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Because of the wide variety of known cancers, prevention and early detection efforts must be carefully targeted, taking into account both the disease and the specific needs of the population you target. The following are three successful approaches already implemented to reduce risk factors for cancer:
• Spectrascan Health Services.
Spectrascan, a disease management company based in Windsor, CT, features a program targeted at breast cancer patients. Administrators there claim that breast cancer was a good candidate for disease management because treatment costs tend to be lower when the disease is detected early.
"Breast cancer is unique in that you have a really good shot at detecting 80% to 90% of the cancers at an early stage, which has tremendous cost implications," says Michael Krieger, senior project manager at Spectrascan.
Spectrascan uses the new Atlanta-based American Cancer Society guidelines, which recommend annual mammographic screening for women over the age of 40, Krieger says. The problem is that, nationally, fewer than 40% of women comply with those guidelines. To encourage regular screening, Spectrascan case managers send out monthly reminder cards to women who haven’t scheduled screening appointments. Women who can’t be reached by mail are contacted by telephone. By phone, case managers assess the factors discouraging the woman from getting a mammogram, such as problems with transportation or a language barrier.
• The Medical College of Virginia (MCV).
At MCV’s women’s health care division in Richmond, case managers have focused their efforts on physician education, particularly in the area of smoking cessation, says Judith Collins, RNC, director of the division. The 32 physicians who care for patients at the center are counseled to inquire about the smoking habits of their patients and to provide smokers with an information packet about smoking cessation. The packet contains:
• a two-page article about smoking cessation copied from a consumer publication;
• a list of symptoms experienced by smokers when they quit;
• a smoking cessation contract stating the quit date and rewards the patient can give herself each week, month, and year of not smoking;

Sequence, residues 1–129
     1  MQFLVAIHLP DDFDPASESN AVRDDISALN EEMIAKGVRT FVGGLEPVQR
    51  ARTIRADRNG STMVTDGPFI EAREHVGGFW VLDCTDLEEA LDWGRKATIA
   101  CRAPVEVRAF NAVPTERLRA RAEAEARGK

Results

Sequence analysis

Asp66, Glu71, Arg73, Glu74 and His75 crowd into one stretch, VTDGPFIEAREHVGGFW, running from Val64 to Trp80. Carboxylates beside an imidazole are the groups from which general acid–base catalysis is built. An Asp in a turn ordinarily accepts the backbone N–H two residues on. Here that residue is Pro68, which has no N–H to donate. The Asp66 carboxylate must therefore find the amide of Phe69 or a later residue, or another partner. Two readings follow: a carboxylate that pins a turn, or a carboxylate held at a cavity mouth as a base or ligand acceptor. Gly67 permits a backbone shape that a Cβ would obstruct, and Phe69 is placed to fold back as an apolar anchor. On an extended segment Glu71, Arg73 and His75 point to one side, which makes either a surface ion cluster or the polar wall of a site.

• a worksheet on reasons to quit and reasons to continue smoking.
The packet also contains the name and phone number of an adult nurse practitioner at the center who specializes in smoking cessation. Women who call receive individual counseling or may be referred to a more intensive group cessation program in the community, Collins says.
• Fox Chase Cancer Center.
Fox Chase Cancer Center in Philadelphia focuses on broader prevention issues through its three research divisions: basic science, medical science, and population science, says Paul Engstrom, MD, senior vice president for population science at Fox Chase. It’s also a participant in the Bethesda, MD-based National Cancer Institute’s (NCI) Breast Cancer Prevention Trial, which includes more than 12,000 women in the United States ages 35 to 59 with a family history of breast cancer. The trial is designed to test whether the cancer drug Tamoxifen can lower the risk of breast cancer among high-risk women. Fox Chase is also part of a similar NCI study regarding the prevention of prostate cancer.
To ensure that physicians affiliated with Fox Chase are adequately educating their patients about cancer prevention, Engstrom personally conducts seminars at surrounding community hospitals to educate caregivers.
"Merely having brochures in the waiting room has little effect on most patients," says Engstrom. "Surveys have shown that if a doctor doesn’t take time to talk to the patient about smoking cessation or diet or screening, then generally, the patient doesn’t get the message."
[For more information about prevention programs, contact:
Michael Krieger, senior project manager, Spectrascan Health Services, 200 Day Hill Road, Windsor, CT 06095. Telephone: (860) 285-0545.
Judith Collins, RNC, director of the division of Women’s HealthCare, Medical College of Virginia, 9000 Stony Point Parkway, Richmond, VA 23235. Telephone: (804) 560-8150.
Paul Engstrom, MD, senior vice president for population science at Fox Chase Cancer Center in Philadelphia. Telephone: (215) 728-2986.]